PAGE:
Charles Victor Naudin
Naudin studied at Bailleul-sur-Thérain in 1825, at Limoux, and at the University of Montpellier from which he graduated in 1837. The following year he was working as a private tutor; he obtained his doctorate in 1842. He taught until 1846, when he joined the herbarium of the National Museum of Natural History. He collaborated with Augustin Saint-Hilaire on the publication of the Brazilian flora and introduced the first seeds of Jubaea chilensis in France.
He taught at Chaptal College as professor of zoology, but a neurological disease left him deaf. He became an assistant naturalist in 1854 and married in 1860. He entered the Academy of Sciences in 1863 where he succeeded Horace Benedict Alfred Moquin-Tandon.
He was losing his sight. In spite of this he continued to run experiments on hybridization and the acclimation of plants for the production of new species. He studied heredity, and the flora of Brazil, and in 1860 he described twenty kinds of pumpkins.
- De Quatrefages and De Varigny have maintained that the botanist Naudin stated the theory of evolution by natural selection in 1852. He explains very clearly the process of artificial selection, and says that in the garden we are following Nature's method. "We do not think that Nature has made her species in a different fashion from that in which we proceed ourselves in order to make our variations." But, as Darwin said, "he does not show how selection acts under nature." Similarly it must be noted in regard to several pre-Darwinian pictures of the struggle for existence (such as Herder's, who wrote in 1790 "All is in struggle...each one for himself" and so on), that a recognition of this is only the first step in Darwinism.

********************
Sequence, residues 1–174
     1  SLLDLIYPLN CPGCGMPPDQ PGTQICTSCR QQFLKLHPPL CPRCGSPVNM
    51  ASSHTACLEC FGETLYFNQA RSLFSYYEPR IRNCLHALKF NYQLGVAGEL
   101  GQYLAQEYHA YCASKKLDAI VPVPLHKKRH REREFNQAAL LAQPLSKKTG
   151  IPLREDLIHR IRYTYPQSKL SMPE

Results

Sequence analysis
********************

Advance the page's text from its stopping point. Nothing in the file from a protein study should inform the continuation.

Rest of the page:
His main publication is Mémoire sur les hybrides du règne végétal which appeared in Recueil des savants étrangers and won him the Grand Prize of the Institute of Botany in 1862. The study of hereditary phenomena according to his designs is now known as Naudinism, which asserts that species are formed in the same way as our cultivated varieties, whose formation Naudin attributed to systematic selection by Man.
He was interested in the diversification of plants and in particular of pumpkins. Contrary to the generally accepted view, he established the non-permanence of hybrids. The botanist also published a series of memoirs dealing with cosmic influences, and published numerous articles in the Journal of Horticulture. He worked on various treaties and codes of agriculture and horticulture.
His handbook Manuel de l'acclimateur (Paris, 1888) is a reference work on the acclimatization of the Riviera in the 19th century. During his stay in Collioure, he participated in the planting of palms, including two Washingtonia, at the villa of the Baron de Saint Malo Vilmarest in Argeles-sur-Mer.
- Naudin's pHD thesis, accessed 2013-08-13.
- Benjamin Chabaud, J. (1996) . Laffitte Reprints, ed. Les palmiers de la Côte d'Azur. pp. 101 and 102. ISBN 2-86276-292-X.
- Les travaux d'aide naturaliste de C. Naudin, accessed 2013-08-13.
- Cárdenas, Fabricio (2014). 66 petites histoires du Pays Catalan [66 Little Stories of Catalan Country] (in French). Perpignan: Ultima Necat. ISBN 978-2-36771-006-8. OCLC 893847466.
- Charles Naudin à la Villa Thuret, accessed 2012-12-19.
- Zirkle, Conway (April 25, 1941). "Natural Selection before the 'Origin of Species'". Proceedings of the American Philosophical Society. Philadelphia, PA: American Philosophical Society. 84 (1): 71–123. ISSN 0003-049X. JSTOR 984852.
- "Darwin's Predecessors".
- "Mendélisme et Naudinisme", L'Année Biologique, 1921.
- IPNI. Naudin.
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